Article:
Anka Muhlstein was awarded the Prix Goncourt in 1996 for her biography of Astolphe de Custine, and has twice received the History Prize of the French Academy. Her books include Balzac’s Omelette and, most recently, Monsieur Proust’s Library.
There are figures in French history who tower like monuments. Saint Louis, the Capetian king, a symbol of justice, Joan of Arc, warrior and martyr, and Henry IV, the great peacemaker, are three unmistakable paragons who personified a certain idea of French greatness. Oddly enough, Henry IV’s first wife, Marguerite …
This fog that envelops people and places explains a lack of depth and individuality in Modiano’s characters. The author, and therefore the reader, are left on the outside, giving rise to the feeling that one is always rereading the same book. This is doubtless the reason why Modiano, in spite of his remarkable talent, and a success that has never flagged in the past forty years, has not acquired the indisputable stature of very great novelists.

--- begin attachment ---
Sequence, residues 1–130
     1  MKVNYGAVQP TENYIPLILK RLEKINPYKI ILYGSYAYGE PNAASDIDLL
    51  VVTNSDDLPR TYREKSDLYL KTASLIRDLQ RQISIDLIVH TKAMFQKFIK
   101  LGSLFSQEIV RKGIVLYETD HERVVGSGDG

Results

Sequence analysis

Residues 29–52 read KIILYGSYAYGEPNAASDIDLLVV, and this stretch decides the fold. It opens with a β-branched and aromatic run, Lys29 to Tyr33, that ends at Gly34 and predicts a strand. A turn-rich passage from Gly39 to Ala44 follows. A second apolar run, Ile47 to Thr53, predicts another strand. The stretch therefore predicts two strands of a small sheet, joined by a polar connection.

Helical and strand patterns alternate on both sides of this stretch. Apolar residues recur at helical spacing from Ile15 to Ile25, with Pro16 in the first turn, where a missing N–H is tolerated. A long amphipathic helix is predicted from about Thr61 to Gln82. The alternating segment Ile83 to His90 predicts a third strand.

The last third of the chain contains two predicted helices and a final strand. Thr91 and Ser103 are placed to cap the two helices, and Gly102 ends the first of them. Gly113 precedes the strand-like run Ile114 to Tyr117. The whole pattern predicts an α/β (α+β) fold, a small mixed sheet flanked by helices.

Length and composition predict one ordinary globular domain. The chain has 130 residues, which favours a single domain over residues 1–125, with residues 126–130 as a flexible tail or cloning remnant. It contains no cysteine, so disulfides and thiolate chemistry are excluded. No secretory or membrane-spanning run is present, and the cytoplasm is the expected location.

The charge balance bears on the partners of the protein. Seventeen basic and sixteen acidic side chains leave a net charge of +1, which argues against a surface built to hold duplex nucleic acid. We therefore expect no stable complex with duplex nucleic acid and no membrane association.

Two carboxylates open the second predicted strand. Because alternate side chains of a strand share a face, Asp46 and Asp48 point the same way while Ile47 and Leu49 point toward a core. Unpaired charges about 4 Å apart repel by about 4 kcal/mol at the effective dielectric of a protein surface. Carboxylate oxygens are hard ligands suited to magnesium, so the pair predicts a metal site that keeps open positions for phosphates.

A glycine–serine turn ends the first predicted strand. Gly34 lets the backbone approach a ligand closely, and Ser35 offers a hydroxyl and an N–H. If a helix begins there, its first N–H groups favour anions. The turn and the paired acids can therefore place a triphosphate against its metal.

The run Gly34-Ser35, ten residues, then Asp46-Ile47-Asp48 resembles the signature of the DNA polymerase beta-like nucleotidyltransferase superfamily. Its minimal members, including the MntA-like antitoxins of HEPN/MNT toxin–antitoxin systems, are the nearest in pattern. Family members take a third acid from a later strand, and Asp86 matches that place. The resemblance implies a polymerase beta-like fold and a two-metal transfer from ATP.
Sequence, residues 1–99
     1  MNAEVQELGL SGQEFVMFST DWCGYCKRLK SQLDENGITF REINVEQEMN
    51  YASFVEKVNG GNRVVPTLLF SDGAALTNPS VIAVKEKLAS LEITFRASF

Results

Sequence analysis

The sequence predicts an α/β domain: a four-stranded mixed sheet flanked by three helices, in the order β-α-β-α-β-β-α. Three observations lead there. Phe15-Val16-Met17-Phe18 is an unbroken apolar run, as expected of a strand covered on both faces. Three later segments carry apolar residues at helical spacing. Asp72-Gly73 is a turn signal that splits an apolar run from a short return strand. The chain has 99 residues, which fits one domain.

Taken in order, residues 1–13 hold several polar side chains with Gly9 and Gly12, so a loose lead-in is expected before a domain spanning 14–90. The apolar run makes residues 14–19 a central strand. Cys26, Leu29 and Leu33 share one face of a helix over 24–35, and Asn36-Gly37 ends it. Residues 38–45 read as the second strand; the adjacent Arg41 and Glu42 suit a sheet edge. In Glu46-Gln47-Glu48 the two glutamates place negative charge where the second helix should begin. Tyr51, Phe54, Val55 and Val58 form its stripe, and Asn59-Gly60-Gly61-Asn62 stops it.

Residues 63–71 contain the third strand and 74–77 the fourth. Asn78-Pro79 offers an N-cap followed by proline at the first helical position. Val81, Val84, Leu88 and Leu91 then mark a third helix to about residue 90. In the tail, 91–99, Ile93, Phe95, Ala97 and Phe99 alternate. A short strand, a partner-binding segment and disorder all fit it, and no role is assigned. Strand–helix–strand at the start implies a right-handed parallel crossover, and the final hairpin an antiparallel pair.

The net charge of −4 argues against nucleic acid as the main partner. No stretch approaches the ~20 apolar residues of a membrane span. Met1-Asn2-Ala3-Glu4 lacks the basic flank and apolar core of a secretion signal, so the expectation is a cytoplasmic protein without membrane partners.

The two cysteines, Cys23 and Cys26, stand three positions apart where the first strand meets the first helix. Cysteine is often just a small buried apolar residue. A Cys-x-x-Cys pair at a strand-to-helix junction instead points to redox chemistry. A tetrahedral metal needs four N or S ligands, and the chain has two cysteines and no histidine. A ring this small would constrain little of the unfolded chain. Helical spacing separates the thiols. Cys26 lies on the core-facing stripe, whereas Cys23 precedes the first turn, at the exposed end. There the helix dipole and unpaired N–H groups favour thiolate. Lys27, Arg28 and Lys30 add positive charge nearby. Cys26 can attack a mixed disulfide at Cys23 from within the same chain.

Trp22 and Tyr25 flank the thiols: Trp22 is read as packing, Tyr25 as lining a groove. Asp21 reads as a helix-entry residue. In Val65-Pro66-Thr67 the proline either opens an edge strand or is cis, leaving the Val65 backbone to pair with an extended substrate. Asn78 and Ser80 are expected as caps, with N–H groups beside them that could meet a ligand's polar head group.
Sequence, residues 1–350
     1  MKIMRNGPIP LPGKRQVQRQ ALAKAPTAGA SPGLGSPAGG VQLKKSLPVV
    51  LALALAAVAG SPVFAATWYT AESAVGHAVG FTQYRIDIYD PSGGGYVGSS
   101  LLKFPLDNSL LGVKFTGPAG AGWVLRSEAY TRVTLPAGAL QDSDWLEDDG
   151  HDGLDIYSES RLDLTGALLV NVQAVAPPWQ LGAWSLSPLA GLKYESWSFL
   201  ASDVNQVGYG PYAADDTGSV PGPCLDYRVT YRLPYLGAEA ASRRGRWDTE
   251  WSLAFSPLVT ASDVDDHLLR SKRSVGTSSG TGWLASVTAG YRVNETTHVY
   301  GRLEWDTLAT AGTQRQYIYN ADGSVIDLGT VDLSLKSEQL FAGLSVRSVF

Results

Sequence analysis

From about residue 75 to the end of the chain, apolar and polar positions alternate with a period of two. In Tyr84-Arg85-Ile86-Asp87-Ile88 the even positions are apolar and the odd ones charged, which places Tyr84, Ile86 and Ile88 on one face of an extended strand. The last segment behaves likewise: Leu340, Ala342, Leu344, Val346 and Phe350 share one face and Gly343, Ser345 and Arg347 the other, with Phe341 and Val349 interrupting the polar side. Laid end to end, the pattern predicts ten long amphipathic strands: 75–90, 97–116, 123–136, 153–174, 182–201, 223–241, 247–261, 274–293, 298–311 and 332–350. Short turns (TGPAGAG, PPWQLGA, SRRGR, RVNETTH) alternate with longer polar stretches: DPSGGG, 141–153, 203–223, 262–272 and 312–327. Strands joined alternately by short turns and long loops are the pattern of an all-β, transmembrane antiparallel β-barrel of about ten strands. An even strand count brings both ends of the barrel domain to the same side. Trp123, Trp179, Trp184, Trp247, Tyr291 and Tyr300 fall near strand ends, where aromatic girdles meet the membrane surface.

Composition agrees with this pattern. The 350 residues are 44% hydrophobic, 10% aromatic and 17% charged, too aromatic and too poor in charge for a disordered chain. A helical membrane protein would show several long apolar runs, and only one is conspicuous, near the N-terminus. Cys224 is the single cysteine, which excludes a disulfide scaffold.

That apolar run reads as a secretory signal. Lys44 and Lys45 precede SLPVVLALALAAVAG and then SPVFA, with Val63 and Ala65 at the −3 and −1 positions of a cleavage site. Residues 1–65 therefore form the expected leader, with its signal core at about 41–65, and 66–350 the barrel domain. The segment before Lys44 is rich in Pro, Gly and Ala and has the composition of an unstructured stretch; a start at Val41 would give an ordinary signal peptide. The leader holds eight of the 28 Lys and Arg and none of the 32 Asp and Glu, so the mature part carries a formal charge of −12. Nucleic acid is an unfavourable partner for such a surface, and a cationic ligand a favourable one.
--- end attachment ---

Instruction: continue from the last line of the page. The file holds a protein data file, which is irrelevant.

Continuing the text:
“I…am an odious person,” Coco Chanel declared. Not many would have begged to differ. Chanel’s tongue was quite as sharp as her shears and she treated everyone who worked for her harshly, playing one against the other. No one escaped her malice.
On February 23, 1942, Stefan Zweig and his young wife committed suicide together in Petrópolis, Brazil. The following day, the Brazilian government held a state funeral, attended by President Getulio Vargas. The news spread rapidly around the world, and the couple’s deaths were reported on the front page of The New York Times. Zweig had been one of the most renowned authors of his time, and his work had been translated into almost fifty languages. In the eyes of one of his friends, the novelist Irmgard Keun, “he belonged to those that suffered but who would not and could not hate.”
In the pecking order of the demimonde of nineteenth-century Paris, the courtesans ranked highest. Merchants of love though they were, they stood apart from the prostitutes who walked the streets, from the grisettes who only took money from their lovers, if at all, to round out their salaries as seamstresses …
To walk into the first few rooms of the exhibition “Impressionism, Fashion, and Modernity,” now at the Metropolitan Museum, is to allow oneself to be immersed in the sweetness of life in the Belle Époque.